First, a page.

hospital at the instance of the appellant. For half of the

period that the deceased was alive, the expenses of the

treatment were borne by the appellant himself. Only

later, the aforesaid witness paid for the expenses

incurred on treatment. If there was any intention on

the part of the appellant to have killed the deceased,

he would not have taken the care of bringing her to the

hospital and affording treatment to her. The other thing

which becomes very evident is that no effort was made

by the family members of the appellant to keep the

informant and his associates out of the house. Again, if

there was any suspicion about any incriminating

substance in the house to be present, the family
Patna High Court CR. APP (SJ) No.2946 of 2017 dt.26-03-2018
11/19

members of the appellant would not have allowed easy

entry of P.W. 1 in the house.

15. These two facts which emerges from the

deposition of P.W. 1, if seen in the context of the

deposition of other prosecution witnesses, would very

clearly indicate that the deceased was not put on fire in

any spite or anger for not having provided her in-laws

and her husband with the additional money which was

being demanded. As noted earlier, P.Ws. 2, 4, 5, 6 and

7 have categorically stated that they went to the house

of the deceased on seeing smoke coming out. The

deceased told them that she caught fire while cooking

and that in the absence of her in-laws, she be taken to

hospital. The deceased was taken to hospital at

Paliganj from where she was referred to Patna.

16. Rightly and justifiably, the trial court, on the

aforesaid materials held that there was no evidence to

bring home charges under Section 304B of the IPC.
Patna High Court CR. APP (SJ) No.2946 of 2017 dt.26-03-2018
12/19

The evidence of P.W. 10 who was summoned under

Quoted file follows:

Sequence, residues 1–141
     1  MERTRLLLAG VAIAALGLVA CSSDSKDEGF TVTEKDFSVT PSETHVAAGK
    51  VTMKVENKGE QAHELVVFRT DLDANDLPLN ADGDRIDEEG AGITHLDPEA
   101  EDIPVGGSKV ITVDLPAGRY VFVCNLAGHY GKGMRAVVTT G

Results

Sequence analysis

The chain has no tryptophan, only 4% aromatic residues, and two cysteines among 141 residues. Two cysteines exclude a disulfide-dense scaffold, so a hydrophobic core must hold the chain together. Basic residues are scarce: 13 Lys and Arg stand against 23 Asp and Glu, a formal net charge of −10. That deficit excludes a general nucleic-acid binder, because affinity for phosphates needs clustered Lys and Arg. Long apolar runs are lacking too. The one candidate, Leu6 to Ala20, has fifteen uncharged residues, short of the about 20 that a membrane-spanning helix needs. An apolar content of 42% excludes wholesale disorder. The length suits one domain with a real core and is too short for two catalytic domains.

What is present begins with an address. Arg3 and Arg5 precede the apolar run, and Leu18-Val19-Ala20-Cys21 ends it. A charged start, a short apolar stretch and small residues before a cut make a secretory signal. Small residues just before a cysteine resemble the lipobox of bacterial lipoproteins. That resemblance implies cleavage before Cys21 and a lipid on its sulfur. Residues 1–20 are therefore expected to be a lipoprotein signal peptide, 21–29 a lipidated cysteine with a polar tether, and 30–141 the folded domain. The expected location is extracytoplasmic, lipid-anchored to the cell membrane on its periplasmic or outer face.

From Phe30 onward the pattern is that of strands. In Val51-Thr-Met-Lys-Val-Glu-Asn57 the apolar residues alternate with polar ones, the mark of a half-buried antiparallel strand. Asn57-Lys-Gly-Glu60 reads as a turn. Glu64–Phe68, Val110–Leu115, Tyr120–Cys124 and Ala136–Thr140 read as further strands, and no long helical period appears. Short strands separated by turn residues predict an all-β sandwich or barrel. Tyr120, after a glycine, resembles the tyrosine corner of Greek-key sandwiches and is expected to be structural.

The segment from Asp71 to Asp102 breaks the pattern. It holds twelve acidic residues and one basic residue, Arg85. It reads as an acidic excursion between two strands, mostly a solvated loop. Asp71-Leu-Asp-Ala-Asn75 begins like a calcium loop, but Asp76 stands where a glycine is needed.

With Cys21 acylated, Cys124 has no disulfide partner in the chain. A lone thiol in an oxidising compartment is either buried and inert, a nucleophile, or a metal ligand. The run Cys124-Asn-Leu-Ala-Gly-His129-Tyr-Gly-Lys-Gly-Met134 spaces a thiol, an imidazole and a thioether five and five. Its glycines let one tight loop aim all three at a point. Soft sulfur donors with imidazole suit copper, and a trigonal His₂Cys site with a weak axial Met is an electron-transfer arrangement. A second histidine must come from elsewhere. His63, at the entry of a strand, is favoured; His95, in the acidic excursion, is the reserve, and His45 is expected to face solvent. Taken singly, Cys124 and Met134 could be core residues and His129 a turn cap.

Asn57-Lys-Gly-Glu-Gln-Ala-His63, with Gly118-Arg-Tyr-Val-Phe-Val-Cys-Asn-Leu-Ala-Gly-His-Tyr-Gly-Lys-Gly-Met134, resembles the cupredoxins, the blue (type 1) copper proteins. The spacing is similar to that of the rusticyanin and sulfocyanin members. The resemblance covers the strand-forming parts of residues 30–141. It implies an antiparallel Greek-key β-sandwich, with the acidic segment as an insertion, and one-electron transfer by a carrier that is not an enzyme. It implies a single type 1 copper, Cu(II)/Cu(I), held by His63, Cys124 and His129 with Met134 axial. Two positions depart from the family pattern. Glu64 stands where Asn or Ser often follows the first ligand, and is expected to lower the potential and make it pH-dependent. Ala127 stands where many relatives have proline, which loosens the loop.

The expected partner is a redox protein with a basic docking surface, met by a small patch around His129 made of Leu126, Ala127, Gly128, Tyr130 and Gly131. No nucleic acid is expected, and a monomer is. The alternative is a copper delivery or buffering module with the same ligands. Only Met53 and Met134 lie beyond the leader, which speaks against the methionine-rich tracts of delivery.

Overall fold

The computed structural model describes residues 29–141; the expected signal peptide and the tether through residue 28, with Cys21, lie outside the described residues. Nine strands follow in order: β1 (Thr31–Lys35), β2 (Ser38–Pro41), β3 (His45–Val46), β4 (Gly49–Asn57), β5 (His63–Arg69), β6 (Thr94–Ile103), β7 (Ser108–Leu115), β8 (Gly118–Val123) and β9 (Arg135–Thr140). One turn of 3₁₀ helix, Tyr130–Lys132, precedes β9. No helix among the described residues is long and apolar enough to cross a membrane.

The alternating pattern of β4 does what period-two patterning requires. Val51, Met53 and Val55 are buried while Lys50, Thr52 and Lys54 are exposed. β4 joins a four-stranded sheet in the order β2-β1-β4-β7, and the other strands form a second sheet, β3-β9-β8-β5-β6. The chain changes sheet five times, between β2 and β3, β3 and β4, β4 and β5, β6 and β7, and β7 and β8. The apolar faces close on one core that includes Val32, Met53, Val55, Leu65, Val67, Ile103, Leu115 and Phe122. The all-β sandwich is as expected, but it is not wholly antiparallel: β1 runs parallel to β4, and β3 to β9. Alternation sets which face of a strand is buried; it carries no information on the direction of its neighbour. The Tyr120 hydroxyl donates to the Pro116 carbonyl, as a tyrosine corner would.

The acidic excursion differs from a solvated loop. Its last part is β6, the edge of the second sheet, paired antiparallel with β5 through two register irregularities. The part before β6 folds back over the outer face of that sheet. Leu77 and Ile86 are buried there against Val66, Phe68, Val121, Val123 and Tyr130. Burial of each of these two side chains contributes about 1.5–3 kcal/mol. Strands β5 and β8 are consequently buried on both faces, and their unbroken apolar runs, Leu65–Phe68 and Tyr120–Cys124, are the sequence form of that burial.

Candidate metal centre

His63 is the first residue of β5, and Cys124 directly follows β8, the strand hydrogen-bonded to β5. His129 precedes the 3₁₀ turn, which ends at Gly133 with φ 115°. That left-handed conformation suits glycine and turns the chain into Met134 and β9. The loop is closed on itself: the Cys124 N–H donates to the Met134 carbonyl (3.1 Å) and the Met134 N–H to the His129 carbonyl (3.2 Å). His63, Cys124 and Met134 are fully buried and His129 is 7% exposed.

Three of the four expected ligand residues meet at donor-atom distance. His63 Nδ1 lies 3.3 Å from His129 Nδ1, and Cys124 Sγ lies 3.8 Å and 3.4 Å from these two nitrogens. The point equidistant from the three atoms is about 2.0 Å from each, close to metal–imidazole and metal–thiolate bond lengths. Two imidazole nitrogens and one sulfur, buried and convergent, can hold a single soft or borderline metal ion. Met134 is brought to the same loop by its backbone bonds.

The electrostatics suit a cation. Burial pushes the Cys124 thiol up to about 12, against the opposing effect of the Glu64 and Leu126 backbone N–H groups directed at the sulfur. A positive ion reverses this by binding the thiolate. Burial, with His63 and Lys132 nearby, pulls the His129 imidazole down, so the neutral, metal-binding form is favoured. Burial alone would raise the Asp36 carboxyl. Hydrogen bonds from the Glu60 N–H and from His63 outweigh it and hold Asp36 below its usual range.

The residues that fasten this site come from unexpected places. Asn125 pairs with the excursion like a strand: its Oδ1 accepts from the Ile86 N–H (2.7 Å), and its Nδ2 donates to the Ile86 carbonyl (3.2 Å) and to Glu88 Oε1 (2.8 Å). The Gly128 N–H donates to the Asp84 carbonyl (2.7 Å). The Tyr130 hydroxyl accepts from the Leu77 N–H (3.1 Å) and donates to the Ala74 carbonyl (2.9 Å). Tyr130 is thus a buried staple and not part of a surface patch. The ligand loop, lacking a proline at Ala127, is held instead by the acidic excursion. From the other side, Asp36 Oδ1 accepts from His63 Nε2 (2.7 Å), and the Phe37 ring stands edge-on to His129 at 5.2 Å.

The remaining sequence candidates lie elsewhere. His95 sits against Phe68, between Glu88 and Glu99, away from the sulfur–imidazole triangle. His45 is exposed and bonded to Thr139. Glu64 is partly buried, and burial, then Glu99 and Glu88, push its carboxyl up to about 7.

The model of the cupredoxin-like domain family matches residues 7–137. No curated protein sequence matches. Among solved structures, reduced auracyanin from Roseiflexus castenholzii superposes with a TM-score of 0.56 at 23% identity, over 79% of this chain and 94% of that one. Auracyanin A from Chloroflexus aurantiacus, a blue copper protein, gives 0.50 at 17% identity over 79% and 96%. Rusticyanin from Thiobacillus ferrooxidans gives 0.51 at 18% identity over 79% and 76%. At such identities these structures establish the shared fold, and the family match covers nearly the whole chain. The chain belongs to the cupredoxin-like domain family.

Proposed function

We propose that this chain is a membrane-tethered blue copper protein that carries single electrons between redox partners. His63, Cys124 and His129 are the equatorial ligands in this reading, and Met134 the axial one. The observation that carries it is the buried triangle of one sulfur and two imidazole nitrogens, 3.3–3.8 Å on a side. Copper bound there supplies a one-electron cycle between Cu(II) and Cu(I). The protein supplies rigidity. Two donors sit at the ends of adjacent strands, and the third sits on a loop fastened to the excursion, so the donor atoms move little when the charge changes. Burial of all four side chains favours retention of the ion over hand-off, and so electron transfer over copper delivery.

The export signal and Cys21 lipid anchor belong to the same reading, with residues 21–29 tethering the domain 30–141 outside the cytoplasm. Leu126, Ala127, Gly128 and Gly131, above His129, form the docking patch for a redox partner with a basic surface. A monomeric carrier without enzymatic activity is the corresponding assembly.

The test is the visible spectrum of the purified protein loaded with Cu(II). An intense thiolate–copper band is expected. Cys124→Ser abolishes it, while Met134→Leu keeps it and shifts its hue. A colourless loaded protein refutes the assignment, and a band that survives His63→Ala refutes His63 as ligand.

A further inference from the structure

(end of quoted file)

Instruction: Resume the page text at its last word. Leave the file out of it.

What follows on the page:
Section 311 Cr.P.C. is also only based on what he was

told to him by P.W. 1, his cousin. Though he claims to

have gone to the matrimonial home of the deceased

along with P.W. 1 and had also visited the hospital but

he could not answer to the specific questions put to

him. What he categorically admitted was that he had

seen the deceased for the first time in the hospital and

that he did not know the names of the persons who

had told P.W. 1 about the occurrence. He has also

admitted the fact that without any objection, P.W. 1

and his associates including P.W. 10 were allowed

entry in the matrimonial home of the deceased.

17. For the offence under Section 304B of the IPC

to be brought home, what is necessary is to ascertain

that the deceased died within seven years of her

marriage and soon before her death, she was tortured

for dowry. Though the period of one year between the
Patna High Court CR. APP (SJ) No.2946 of 2017 dt.26-03-2018
13/19

marriage and the death of the deceased is “soon

enough” for the offence to be attracted but in the

absence of any other evidence apart from the

deposition of P.W. 1 regarding the demand of dowry, it

would be very difficult for any court to rely upon the

sole testimony of P.W. 1 regarding demand of money

and consequent torture. Even the evidence of P.W. 1 is

lacking in many respects in as much as he has stated

before the court that he did not ever make any

complaint in any quarter regarding the torture of the

deceased. The deceased also never told him or wrote

to him that she was subjected to any ill-treatment. In

that view of the matter, this Court is also of the view

that no offence under Section 304B of the IPC could be

said to have been made out against the appellant.

18. Now the question which remains to be

answered is that if the appellant has been acquitted

under Section 304B of the IPC for paucity of evidence,
Patna High Court CR. APP (SJ) No.2946 of 2017 dt.26-03-2018
14/19

would there be any justification for convicting him

under Section 306 of the IPC on the sole ground that

the death had taken place during the period when the

deceased was residing in her matrimonial home.

19. Section 306 of the Indian Penal Code reads as

follows:

306. Abetment of suicide.- If any
person commits suicide, whoever abets the
commission of such suicide, shall be
punished with imprisonment of either
description for a term which may extend to
ten years, and shall also be liable to fine.

20. For punishing a person for abetment to suicide,

it has to be proved beyond reasonable doubts that the

person charged has abetted or goaded the deceased

into committing suicide. A person is said to abet if he

instigate any person to do that thing or engages with

one or more other persons in any conspiracy for doing

that thing and intentionally aids by any act or omission